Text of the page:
A leading supplier of LED products has selected Singapore as the site of its first overseas biomedical research and development centre.
Taiwan-based Lite-On, which set up its regional headquarters and R&D centre here in 2008, said last week that it plans to invest $40 million in the biomedical industry over the next three years, a sum that includes setting up and operating the new centre.
The firm has been developing in-vitro diagnostics (IVD) products under the brand skyla since 2011. IVD are tests that can detect diseases, conditions or infections.
Its new research centre will focus on developing medical products that cater to point of care (POC) diagnostics - tests usually done at a patient's bedside.
"The aim is to provide quick and reliable diagnostics, and to make medical facilities work more efficiently," said Mr Danny Liao, the group's new-business chief executive.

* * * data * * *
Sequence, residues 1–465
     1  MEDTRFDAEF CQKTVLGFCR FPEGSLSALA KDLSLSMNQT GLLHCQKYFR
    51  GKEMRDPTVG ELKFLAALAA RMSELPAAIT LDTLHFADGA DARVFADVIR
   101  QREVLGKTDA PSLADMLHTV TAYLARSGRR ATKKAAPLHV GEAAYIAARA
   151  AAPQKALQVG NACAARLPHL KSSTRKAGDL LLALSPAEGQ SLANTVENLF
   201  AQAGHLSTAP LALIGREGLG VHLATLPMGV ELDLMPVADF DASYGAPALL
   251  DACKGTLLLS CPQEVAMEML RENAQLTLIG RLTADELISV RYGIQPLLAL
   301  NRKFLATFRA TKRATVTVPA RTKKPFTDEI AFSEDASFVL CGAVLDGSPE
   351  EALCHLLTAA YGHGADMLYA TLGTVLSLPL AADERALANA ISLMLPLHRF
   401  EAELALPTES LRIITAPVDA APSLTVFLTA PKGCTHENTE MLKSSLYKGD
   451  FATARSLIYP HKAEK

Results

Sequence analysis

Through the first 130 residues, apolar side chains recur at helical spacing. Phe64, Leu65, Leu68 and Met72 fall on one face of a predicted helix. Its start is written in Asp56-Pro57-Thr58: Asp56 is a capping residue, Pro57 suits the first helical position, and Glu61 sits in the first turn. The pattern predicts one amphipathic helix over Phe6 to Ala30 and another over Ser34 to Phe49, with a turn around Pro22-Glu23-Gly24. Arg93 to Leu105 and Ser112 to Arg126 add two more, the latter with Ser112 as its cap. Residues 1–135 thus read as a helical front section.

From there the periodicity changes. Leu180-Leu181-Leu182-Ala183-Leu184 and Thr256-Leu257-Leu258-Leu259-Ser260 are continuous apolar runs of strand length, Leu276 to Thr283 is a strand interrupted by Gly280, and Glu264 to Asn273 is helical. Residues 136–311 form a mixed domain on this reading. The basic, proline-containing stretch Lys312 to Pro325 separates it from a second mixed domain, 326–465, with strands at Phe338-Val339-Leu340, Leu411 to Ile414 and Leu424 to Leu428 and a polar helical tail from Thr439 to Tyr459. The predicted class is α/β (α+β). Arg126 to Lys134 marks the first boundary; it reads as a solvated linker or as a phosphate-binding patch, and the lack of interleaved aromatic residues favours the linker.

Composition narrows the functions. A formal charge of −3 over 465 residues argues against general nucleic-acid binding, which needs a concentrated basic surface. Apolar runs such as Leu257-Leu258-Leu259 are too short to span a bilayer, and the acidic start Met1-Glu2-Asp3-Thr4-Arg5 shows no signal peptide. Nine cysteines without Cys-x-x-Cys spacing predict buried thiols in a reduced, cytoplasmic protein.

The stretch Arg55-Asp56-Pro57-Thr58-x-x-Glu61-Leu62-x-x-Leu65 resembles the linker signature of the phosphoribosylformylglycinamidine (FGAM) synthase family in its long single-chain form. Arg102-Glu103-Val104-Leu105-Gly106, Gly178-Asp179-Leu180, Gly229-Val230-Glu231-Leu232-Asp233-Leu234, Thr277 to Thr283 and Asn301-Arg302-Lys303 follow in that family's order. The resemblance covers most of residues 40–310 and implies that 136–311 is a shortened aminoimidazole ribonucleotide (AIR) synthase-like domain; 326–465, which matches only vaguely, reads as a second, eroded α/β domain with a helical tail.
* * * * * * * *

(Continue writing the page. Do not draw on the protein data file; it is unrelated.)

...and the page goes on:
He cited Singapore's "economic stability, the well-known protection of intellectual property assets and high-quality manpower" as factors in its decision.
"We'd like to be able to shorten the development time from three years to two, which is where the decision to locate in Singapore will help," said Mr Liao.
The facility aims to to hire 40 skilled staff this year.
Lite-On's decision to set up a centre in Singapore was a good sign, according to Associate Professor David Epstein, director at Centre for Technology and Development at Duke-NUS Medical School, who said there will always be businesses who invest irrespective of cost.
"Good science is not a commodity. Singapore's knowledge and expertise isn't something you can easily trade for," said Dr Epstein.